- Sigma 3: Manufacturing and utilization information not comprehensively revealing the theory of operation or design of the physics package. Complete design and operation of nonnuclear components but only information as prescribed below for nuclear components. Utilization information necessary to support the stockpile to target sequence. Information includes:
- General external weapon configuration, including size, weight, and shape;
- Environmental behavior, fuzing, ballistics, yields, and effects;
- Nuclear components or subassemblies that do not reveal theory of operation or significant design features;
- Production and manufacturing techniques relating to nuclear components or subassemblies; and
- Anticipated and actual strike operations.
- Sigma 4: Information inherent in preshot and postshot activities necessary in the testing of atomic weapons or devices. Specifically excluded are the theory of operation and the design of such items. Information includes:
- Logistics, administration, other agency participation;
- Special construction and equipment;
- Effects, safety; and
- Purpose of tests, general nature of nuclear explosive tested, including expected or actual yields and conclusions derived from tests not to include design features.
- Sigma 5: Production rate and/or stockpile quantities of nuclear weapons and their components.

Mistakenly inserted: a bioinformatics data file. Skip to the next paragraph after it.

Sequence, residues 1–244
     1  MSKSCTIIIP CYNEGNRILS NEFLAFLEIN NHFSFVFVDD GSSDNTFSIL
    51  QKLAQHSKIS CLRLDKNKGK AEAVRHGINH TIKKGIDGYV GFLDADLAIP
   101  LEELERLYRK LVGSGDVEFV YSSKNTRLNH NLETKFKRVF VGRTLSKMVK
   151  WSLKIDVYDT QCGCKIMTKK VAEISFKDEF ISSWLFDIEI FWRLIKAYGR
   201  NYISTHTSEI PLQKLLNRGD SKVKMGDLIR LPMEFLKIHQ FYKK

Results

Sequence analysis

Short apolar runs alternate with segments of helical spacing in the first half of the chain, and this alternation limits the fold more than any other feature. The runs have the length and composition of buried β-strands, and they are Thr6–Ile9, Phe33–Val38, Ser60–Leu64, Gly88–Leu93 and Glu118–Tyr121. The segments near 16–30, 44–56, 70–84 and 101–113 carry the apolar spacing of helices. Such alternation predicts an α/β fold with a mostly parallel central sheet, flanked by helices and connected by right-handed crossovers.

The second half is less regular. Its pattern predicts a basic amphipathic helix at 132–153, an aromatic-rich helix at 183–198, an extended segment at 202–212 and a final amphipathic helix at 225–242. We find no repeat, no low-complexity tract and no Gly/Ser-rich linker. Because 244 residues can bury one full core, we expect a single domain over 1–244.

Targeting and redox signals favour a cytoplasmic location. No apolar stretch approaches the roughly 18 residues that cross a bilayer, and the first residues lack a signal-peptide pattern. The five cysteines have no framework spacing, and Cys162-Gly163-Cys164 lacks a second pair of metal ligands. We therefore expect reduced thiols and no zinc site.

- Sigma 6, 7, 8: These are no longer in use; they are subsumed by sigma 5.
- Sigma 9: General studies not directly related to the design or performance of specific weapons or weapon systems, e.g., reliability studies, fuzing studies, damage studies, aerodynamic studies, etc.
- Sigma 10: The chemistry, metallurgy, and processing of materials peculiar to the field of atomic weapons or nuclear explosive devices.
- Sigma 11: Information concerning inertial confinement fusion that reveals or is indicative of weapon data.
- Sigma 12: Complete theory of operation, complete design, or partial design information revealing either sensitive design features or how the energy conversion takes place for the nuclear energy converter, energy director, or other nuclear directed energy weapon systems or components outside the envelope of the nuclear source but within the envelope of the nuclear directed energy weapon.
- Sigma 13: Manufacturing and utilization information and output characteristics for nuclear energy converters, directors, or other nuclear directed energy weapon systems or components outside the envelope of the nuclear source, not comprehensively revealing the theory of operation, sensitive design features of the nuclear directed energy weapon, or how the energy conversion takes place. Information includes:
- General, external weapon configuration and weapon environmental behavior characteristics, yields, and effects.